FoodShare month a portion of what keeps pantries going

Published 8:41 pm Friday, March 16, 2018

Packing up the pounds

This month, the donations brought in to participating food pantries can count for a little extra.

When food shelves participate in Minnesota FoodShare’s March campaign, they report the dollar tally of cash donations and pound count of food donations to the program, which then uses a formula to calculate how much money the pantry will also receive from FoodShare funds.

“The more we can get in, the more we can get back,” Ecumenical Food Pantry board member and volunteer Dorothy Simonsen said.

In February, the Ecumenical Food Pantry served 422 individuals, or 168 families, with 5,840 pounds of food. It’s not their busiest month. In 2017, that would have been October, with 558 individuals (192 families) and 6,964 pounds of food given out.

Volunteer Jean Miller watches the scale to see whether the box is heavy enough to shelve or whether it should be filled with “extras” — things like sacks of sugar or miscellaneous donations not specifically designated for standard box inclusion. – Sarah Kocher/Albert Lea Tribune

Salvation Army caseworker Jason Mead said October was also the Salvation Army’s busiest month for its food pantry program last year, giving out 13,200 pounds of food. In February this year, it served 233 families, giving out 10,500 pounds of food.

The pound count is not a direct comparison between pantries, however, because although both locations receive their food in similar ways — from Channel One Regional Food Bank in Rochester, from donations and through drives like the Big Freeze, the postal carriers and the Boy Scouts, whose proceeds Simonsen said the two organizations split 50/50 — they do not distribute the food in the same way.

At the Ecumenical Food Pantry, those receiving food can choose what they want to take home with them. There are caps based on family size, but individuals can decide, for instance, what type of cereal they want from the offerings the pantry has. Therefore, the pound amount can fluctuate between families even of the same size.

At the Salvation Army, boxes of non-perishables are pre-packed by volunteers and weighed. For a one-person household, the box weighs in at 19 pounds. For families of two or three, the box weight is upped another 10 pounds to 29. Add another 10 pounds to hit 39 for families of four or more. These weight counts do not include perishable food items, like meat, that are also dispensed.

Steven Butler eats midday meals at the Salvation Army but collects non-perishables from the Ecumenical Food Pantry because he likes the choice it gives him over what food he takes home. – Sarah Kocher/Albert Lea Tribune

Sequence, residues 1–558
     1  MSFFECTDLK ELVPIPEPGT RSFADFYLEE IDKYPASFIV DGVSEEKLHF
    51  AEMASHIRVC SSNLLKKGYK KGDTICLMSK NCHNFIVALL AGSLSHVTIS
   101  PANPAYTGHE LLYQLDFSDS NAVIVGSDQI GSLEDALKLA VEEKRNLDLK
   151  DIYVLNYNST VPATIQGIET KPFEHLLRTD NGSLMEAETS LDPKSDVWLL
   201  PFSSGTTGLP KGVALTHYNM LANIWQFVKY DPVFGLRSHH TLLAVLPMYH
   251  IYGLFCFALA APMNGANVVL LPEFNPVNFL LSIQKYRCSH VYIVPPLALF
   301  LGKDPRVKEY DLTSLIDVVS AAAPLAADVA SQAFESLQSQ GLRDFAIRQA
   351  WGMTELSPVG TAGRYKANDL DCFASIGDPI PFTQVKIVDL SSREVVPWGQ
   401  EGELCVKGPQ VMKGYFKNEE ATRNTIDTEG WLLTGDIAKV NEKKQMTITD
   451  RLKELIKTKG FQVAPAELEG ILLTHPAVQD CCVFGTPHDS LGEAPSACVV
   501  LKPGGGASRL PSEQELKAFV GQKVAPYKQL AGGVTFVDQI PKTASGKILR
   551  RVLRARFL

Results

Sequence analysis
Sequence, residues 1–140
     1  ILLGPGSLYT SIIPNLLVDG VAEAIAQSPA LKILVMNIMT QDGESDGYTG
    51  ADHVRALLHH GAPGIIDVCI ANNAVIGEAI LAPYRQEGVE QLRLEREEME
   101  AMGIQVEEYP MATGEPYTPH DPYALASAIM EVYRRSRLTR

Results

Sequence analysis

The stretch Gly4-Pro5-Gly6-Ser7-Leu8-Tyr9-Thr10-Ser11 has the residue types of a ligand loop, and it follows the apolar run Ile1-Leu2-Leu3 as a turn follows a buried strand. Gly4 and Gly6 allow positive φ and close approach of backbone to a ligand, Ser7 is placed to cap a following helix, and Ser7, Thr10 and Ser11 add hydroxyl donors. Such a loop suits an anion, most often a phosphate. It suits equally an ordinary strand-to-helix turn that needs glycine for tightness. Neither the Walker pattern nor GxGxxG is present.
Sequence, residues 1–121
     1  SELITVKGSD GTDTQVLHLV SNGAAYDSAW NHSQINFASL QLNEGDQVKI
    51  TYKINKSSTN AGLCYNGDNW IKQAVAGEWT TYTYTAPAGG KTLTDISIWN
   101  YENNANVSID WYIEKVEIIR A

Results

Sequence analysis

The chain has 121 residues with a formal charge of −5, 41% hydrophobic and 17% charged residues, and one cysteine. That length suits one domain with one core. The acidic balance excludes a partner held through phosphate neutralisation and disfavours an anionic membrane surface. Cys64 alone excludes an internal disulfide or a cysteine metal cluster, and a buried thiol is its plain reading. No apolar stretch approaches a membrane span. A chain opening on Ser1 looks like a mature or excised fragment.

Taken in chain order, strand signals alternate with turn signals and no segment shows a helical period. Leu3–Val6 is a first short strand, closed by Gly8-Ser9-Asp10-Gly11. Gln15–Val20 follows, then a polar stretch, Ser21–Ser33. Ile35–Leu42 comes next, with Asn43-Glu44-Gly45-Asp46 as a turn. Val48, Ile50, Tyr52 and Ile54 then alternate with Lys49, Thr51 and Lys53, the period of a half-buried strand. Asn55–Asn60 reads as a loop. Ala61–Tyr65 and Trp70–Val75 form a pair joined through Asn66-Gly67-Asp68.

Although the FoodShare dollars come in in March, that isn’t necessarily when they will be used.

“When we don’t need it, the money, as much in March, then we use it for other months that we need extra stuff,” said Salvation Army meal site chef and food pantry coordinator Joyce Theis (for “extra stuff,” think holiday turkeys).

At neither place is there an income cap for those receiving food.

“We don’t turn anyone away because everybody can have a rough month,” Theis said.

While the Ecumenical Food Pantry serves only Freeborn County residents, the Salvation Army does not have that stipulation. However, Mead estimated 95 percent of the people it serves through the food pantry program are residents of Freeborn County.

Theis estimated 10 percent of those served by the Salvation Army’s food pantry program are senior citizens. The organization also serves many single-person households, she said.

Janice Dero enjoys a midday meal at the Salvation Army with her son, Steven Butler. She said it provides her a place to get out and socialize. – Sarah Kocher/Albert Lea Tribune

Although Ecumenical Food Pantry volunteers Simonsen and LeAnn Knutson, also a board member, said they also receive a number of single-person households, their outlook on the senior population they serve is different.

“I guess one thing I’m always amazed is we don’t have a lot of senior citizens,” Knutson said. Simonsen said she believes there are more who need it than they are seeing, but isn’t sure what is keeping the numbers at their current level.

Although Simonsen said it used to, the Ecumenical Food Pantry is subject to regulation that means they are no longer allowed to track whether individuals receiving food are also receiving food from other food pantries in town.

Steven Butler eats hot meals at the Salvation Army with his mother, but said he accepts food from the Ecumenical Food Pantry because he likes the choice it gives him.

“When you live on a fixed income, it helps a lot,” he said of the food programs.

Donations of food or money to participating food pantries during March will be factored into Minnesota FoodShare’s March campaign. Theis, Knutson and Simonsen said community donations are what help keep the programs serving the community.

“If we didn’t have all these food drives and we didn’t have, you know, the community to support us, you know, we wouldn’t be able to do as well as we do and have these stocked shelves as we do,” Theis said.

Food drives in March include the Boy Scouts’ March 24 “Scouting for Food” event. Those who wish to participate can place non-perishable items they wish to donate in a bag outside their door by 9 a.m. that day. Scouts will canvas neighborhoods for food items. Trades & Labor Federal Credit Union is also holding a food drive through March 30, where non-perishable items can be dropped off between 9 a.m. and 5 p.m. Monday through Friday.

Gary Shuck adds non-perishables to the food boxes he prepares with two other volunteers Thursday morning. – Sarah Kocher/Albert Lea Tribune

About Sarah Kocher

Sarah covers education and arts and culture for the Tribune.

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